Through an unconsidered accumulation of stuff that requires time and brings with it an obligation of attention? That doesn’t seem to be working for me. Not with the Disney stuff. Not with any of my stuff.

In all of this stuff, here is what I love: the notes and annotations; the places on the themed papers where we scribbled plans and times and comments. The gorgeous letters that greeted us from our dearest friends who cared for our pets during our trips. The words in my beloveds’ handwriting, along with a few treasured pictures, put me back in those precious moments far better than any Disney-sanctioned memorabilia. You see, I am not dismissive of sentiment, just stuff. But I’ve got some stuff representing some truly treasured memories here.

Now what?

Here is the list of what I do not need to preserve, representing the 500 Things Project Items 348-56:

out of the box

  • Napkins
  • Gift boxes
  • Bags
  • 2 kind of nasty plastic drink cups
  • Glowing necklaces that no longer glow

And the rest? Well, there’s a picture below. I still won’t scrapbook, but clearly, I can box. I envision a pretty, reasonably-sized box which can sit out in my very streamlined family room and invite perusal. My downsizing project and I can live with one memory box, and I will enjoy it when people ask:

What’s in the box?


1974-2006

still

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7 Responses to “The Last Box, pt. 2”

  1. boysgonewild Says:

    I was RIGHT! It WAS a mouse!
    I ROCK!
    I also scrapbook.

    Just sayin’

    🙂
    Elizabeth

  2. sthibeault Says:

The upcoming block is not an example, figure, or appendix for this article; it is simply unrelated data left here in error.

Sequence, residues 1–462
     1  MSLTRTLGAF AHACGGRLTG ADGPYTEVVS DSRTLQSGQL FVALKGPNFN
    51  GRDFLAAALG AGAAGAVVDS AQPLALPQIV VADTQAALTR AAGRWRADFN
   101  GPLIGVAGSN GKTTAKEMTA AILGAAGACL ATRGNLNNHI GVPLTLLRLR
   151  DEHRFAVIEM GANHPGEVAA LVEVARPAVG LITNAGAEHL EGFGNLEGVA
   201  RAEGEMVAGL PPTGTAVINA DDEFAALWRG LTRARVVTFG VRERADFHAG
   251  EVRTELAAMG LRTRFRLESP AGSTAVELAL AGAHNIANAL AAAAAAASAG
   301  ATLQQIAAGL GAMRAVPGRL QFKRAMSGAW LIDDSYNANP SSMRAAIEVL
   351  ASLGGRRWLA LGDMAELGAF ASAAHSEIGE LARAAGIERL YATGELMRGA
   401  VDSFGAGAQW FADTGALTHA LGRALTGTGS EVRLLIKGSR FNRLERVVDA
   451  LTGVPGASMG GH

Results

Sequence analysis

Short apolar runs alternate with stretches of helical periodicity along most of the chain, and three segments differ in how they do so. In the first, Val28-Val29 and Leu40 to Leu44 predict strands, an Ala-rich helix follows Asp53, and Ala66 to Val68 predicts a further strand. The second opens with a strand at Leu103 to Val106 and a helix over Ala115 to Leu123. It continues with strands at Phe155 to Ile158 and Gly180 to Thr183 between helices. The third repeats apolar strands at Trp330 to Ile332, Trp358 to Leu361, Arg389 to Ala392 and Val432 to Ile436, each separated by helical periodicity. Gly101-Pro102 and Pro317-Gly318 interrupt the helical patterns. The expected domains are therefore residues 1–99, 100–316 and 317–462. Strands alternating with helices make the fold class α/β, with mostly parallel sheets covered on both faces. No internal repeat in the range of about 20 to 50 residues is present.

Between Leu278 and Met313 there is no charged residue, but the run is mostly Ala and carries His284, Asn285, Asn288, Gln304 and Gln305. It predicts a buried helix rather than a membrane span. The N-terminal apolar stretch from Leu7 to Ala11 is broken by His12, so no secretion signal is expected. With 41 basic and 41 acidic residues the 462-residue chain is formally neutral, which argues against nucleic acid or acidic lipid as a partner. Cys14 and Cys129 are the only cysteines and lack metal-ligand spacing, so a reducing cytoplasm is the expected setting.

You were so right about the Mouse! I was chuckling when I read your guess. And I know you scrapbook… you and Donna put me to shame. Always.

  3. Sydney Says:

    This is so much more satisfying than anything I could have imagined! And I saw my handwriting, circa 1990, so now I want to read the rest of my welcome-home letter! And a postcard from the rarefied Grand Floridian, where even the air is more pure than at other Disney resorts…

  4. sthibeault Says:

    Thank you! Two-parters are notorious for having unsatisfying resolutions. I glad this one pleased you. I will scan your letters– there’s one from Sean, too– so you can have the fun of getting a glimpse into your former selves. Let me know what you see.

  5. Donna Says:

    Don’t ever toss this stuff. I’ll bet someone on eBay would buy it. By the way, two of the souvenirs we (I) snatched still make me shake my head: a sample of the wallpaper from the cart of the nice man who was going around doing wallpaper repairs, and the resort themed liner paper at the bottom of the trash can in our room. Someone stop this woman!

  6. sthibeault Says:

    Do you want to sell the wallpaper or the trash can paper? That would be an interesting auction. But I’ve already proven, I’m an eBay wimp. Those people scare me!

  7. melanie Says:

    I think you’ve beautifully explained “parting pain,” and “value.” The Mouse was a worthy collection effort. Mickey is so charismatic he makes you forget that he’s a (whisper next word) rodent. Face it, Mickey and all his pals are really great role models. Personally, I swoon for Pluto.